Fashion designer Rui Zhou is the next creative to be highlighted as part of the Jing Daily community of individuals shaping China’s booming fashion industry. This section profiles industry leaders who contribute to the national and global fashion communities, from creatives and influencers to business executives and entrepreneurs.
To say that Rui is a fashion designer does her a disservice. She’s more a conjurer of fabrics — though even this, while high praise, is not wholly accurate. The diminutive, soft-spoken artist began sharing her creations online in 2018 and a year later, after graduating from Parsons School of Design, she found global attention.
Winning the LVMH Prize put her on the radar of Gucci’s creative director Alessandro Michele, who selected her for Gucci Vault — the experimental online space he envisioned. Stars like Blackpink’s Lisa to Dua Lipa have donned her designers as well as a range of diverse, local names: from KOLs like Fil Xiaobai to plus-size model Cherry Huang. Her brand slogan, “love what makes you, you,” is resonating across the globe and beyond, as even the virtual influencer Lil Miquela has been spotted in her work.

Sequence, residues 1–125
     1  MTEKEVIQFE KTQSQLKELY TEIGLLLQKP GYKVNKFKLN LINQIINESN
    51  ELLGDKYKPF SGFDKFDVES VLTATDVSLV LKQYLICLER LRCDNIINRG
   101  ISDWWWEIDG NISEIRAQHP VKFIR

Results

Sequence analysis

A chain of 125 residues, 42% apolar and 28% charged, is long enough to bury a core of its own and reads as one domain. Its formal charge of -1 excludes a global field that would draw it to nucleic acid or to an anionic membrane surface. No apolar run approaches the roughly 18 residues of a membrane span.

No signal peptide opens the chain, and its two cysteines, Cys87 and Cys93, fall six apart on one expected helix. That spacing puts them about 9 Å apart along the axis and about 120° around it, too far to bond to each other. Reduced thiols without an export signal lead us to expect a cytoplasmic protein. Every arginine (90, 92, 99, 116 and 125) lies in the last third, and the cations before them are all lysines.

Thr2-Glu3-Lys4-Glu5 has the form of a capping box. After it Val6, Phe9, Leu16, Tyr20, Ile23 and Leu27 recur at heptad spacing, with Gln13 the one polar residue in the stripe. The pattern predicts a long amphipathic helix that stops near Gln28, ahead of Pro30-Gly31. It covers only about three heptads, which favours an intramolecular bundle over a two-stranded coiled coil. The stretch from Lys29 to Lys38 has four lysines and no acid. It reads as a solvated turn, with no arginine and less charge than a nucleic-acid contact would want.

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So what’s causing the buzz? Well, not what you’d expect, which is what’s so delicious about Rui. She’s known for her immediately distinctive “barely-there” aesthetic. This includes sultry bodycon knits, ripped denim, peek-a-boo crochets — all of which are seductively revealing. But it’s not just about selling ultra-sexy garments to China’s women (though this is notable in itself). What’s striking is the delicate fragility found in the weave and weft of her textiles. It’s this duality — between softness and provocation — that has marked Hunan’s star out as an artist in her own right.